When dealing with the powers that be, it always helps to have someone who can open doors for you. This past weekend, the South Austin Coalition walked through a number of doors of the Chicago and Illinois state bureaucracy with the help of someone who's argued and PUSHed, so to speak, his way through countless doors?"the Rev. Jesse Jackson.
SACCC had been struggling to get the Illinois Department of Public Aid, which took over the administration of the federal energy assistance program this year, to deal with what they say has been an endless series of delays and just plain confusion. Finally, they decided to make a stink about it all, even if it meant getting arrested in the process.
Instead, by chance, they attracted Jackson's attention.
"We were sitting-in outside Gov. Rod Blagojevich's office [last week] waiting to be arrested," recalled SACCC Executive Director Bob Vondrasek. "Rev. Jackson had been meeting with the Governor ... and as he was leaving, came over to us to find out why we were protesting."
Jackson, who's had more than his share of sitting outside the halls of power, offered to work with SACCC on the issue.
"He said, 'Contact our office,'" said Vondrasek.
SACCC did just that, and what came out of that cooperation were two "highly successful" reconnection days, on Saturday and Monday. Vondrasek called them "one-stops," events at which low-income people seeking to have their heat reconnected had the opportunity to meet with every agency they need to in order to expedite that reconnection.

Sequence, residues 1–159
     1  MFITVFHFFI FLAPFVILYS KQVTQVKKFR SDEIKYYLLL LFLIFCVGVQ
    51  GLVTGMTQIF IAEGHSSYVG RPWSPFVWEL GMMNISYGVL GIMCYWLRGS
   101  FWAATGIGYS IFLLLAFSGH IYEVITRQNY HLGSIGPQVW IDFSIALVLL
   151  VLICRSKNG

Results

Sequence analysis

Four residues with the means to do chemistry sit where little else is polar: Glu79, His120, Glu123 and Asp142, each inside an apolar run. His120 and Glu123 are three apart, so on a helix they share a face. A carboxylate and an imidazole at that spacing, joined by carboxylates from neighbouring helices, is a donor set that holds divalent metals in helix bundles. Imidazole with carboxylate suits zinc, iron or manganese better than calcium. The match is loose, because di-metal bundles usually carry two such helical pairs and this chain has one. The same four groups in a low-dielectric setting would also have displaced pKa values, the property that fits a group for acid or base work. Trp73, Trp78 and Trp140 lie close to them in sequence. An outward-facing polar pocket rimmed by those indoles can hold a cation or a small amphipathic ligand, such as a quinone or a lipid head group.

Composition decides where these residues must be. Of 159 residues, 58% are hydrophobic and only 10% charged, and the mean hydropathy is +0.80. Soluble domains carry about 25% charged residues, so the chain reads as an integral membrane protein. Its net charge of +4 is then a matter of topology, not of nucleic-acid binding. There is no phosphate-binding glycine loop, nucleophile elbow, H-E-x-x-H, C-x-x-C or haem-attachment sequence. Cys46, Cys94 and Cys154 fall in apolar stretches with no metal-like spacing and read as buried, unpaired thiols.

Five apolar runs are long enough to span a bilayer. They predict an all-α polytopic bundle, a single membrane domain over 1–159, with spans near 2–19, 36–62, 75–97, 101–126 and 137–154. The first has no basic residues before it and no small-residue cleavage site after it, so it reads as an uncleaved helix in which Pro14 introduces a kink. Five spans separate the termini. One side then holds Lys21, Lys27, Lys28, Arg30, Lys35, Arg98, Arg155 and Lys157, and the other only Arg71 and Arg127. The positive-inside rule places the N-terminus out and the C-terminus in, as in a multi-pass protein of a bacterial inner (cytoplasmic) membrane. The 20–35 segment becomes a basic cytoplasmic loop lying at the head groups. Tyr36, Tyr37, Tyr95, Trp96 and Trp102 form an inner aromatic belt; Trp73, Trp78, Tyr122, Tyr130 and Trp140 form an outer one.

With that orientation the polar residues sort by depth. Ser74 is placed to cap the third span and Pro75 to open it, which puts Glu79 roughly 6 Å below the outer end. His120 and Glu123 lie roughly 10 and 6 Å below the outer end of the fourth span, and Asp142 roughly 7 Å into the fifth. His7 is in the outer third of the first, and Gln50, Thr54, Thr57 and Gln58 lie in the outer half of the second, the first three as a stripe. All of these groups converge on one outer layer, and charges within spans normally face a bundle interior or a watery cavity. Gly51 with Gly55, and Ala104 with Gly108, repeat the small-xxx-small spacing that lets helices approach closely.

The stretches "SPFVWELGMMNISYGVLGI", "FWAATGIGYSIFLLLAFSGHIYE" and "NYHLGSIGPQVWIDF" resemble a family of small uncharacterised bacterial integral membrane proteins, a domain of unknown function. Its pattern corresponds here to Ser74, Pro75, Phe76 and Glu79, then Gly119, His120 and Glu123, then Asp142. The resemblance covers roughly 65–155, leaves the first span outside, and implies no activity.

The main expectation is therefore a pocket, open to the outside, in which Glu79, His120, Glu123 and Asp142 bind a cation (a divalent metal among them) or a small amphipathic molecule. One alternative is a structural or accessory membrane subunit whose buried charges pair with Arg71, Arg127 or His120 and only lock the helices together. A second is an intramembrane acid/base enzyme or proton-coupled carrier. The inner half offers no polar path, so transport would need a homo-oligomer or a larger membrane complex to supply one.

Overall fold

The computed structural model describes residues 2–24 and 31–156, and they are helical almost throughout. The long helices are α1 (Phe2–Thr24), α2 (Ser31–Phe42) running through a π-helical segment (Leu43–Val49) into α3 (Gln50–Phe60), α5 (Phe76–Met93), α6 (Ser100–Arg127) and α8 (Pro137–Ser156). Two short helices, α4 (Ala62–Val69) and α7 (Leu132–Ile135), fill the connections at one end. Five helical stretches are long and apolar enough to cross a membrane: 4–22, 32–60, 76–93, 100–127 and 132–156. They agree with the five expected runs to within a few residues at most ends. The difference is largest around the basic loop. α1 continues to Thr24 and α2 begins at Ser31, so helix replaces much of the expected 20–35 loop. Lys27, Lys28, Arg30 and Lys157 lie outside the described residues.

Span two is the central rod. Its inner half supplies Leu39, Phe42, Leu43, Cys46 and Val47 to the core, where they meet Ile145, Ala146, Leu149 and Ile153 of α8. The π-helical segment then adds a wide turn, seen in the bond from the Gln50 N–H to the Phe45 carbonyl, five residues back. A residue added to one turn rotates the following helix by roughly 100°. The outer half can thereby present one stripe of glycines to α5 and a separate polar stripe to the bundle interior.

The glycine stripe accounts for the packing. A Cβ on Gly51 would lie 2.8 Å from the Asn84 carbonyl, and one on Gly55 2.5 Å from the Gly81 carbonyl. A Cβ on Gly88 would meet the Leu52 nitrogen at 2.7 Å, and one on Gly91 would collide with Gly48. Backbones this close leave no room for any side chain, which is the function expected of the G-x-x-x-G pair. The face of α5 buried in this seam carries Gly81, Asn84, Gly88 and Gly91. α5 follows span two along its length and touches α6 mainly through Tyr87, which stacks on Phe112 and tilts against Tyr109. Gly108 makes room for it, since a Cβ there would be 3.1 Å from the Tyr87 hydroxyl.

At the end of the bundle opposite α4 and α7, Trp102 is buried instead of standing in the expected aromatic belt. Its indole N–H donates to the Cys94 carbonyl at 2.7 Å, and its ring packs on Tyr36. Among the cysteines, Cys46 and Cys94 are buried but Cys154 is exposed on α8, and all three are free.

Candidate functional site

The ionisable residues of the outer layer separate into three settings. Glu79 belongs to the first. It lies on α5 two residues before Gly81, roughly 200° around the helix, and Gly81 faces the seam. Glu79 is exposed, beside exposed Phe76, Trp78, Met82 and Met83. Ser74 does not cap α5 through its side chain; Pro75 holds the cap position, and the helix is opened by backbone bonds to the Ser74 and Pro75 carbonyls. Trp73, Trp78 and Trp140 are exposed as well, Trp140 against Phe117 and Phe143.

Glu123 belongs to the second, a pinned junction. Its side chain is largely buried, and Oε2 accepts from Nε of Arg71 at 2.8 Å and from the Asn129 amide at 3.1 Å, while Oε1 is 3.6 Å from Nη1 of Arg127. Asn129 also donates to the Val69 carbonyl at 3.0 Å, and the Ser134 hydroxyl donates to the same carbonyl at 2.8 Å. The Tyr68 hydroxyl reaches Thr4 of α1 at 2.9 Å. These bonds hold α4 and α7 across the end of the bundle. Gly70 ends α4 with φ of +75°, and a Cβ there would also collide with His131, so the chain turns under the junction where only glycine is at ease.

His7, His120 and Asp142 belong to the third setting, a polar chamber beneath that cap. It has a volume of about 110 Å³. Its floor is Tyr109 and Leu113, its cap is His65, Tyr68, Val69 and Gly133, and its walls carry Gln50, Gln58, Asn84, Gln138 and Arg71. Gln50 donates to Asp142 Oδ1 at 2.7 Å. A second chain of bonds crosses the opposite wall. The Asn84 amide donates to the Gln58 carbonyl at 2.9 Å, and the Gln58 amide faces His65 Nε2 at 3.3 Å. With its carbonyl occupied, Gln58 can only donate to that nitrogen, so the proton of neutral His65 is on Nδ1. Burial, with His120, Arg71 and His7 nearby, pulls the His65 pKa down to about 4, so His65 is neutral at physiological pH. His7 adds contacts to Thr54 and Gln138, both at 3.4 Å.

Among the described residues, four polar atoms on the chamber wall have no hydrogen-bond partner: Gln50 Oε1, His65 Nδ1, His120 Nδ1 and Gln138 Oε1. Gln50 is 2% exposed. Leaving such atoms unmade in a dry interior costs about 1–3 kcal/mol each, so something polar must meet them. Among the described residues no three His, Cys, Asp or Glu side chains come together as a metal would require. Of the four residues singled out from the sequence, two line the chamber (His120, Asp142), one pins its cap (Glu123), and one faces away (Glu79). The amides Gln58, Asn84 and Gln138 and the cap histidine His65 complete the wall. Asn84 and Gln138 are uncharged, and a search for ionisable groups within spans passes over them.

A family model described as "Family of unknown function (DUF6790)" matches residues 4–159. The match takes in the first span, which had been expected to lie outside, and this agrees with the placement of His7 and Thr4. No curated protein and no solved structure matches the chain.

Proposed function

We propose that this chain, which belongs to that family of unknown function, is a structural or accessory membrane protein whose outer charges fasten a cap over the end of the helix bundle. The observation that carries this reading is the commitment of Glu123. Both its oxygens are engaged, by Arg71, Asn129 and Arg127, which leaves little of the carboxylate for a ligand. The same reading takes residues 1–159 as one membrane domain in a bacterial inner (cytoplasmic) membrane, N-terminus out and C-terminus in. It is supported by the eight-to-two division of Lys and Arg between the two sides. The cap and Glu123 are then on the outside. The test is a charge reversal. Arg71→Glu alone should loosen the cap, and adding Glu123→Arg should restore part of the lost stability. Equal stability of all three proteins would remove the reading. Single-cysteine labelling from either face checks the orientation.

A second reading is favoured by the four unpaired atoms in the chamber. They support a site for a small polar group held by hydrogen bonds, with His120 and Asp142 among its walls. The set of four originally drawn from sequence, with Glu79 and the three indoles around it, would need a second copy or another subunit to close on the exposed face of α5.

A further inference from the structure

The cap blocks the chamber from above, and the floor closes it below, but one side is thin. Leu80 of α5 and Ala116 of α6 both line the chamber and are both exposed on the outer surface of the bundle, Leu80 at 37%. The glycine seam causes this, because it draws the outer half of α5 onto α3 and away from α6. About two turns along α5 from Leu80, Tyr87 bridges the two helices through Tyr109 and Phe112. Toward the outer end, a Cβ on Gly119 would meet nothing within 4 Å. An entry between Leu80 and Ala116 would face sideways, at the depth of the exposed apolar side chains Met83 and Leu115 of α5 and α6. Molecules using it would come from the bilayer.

"Over 400 disconnected customers were able to have their applications checked out with People's Gas, ComEd, CEDA and the Illinois Dept. of Public Aid," said Vondrasek. In most cases, he said, those customers were able to get a turn-on date certain for restoration of their heat or electricity.
While SACCC has long been an out-front advocate on the heating assistance issue for years now, Vondrasek pointed to Jackson as the main catalyst in their recent success.
"Jesse Jackson probably brought out 100 of the 150 people there," said Vondrasek. "He can bring some people together that we can't," Vondrasek added with a touch of understatement.
Available money is not the problem this year, unlike years past, said Vondrasek. In previous years, most of the 10,000 people needing assistance would have been reconnected by November, according to Vondrasek. Rather, it has been bureaucratic red tape, bungling and serious computer glitches.
"We shouldn't be at this stage and still be trying to get people on the program," he said.
Vondrasek said that SACCC also "finally" received a list of all 103 application sites for those seeking heating assistance to file an application.
"People can call us (at 773/287-4570) and we'll direct them to the nearest office."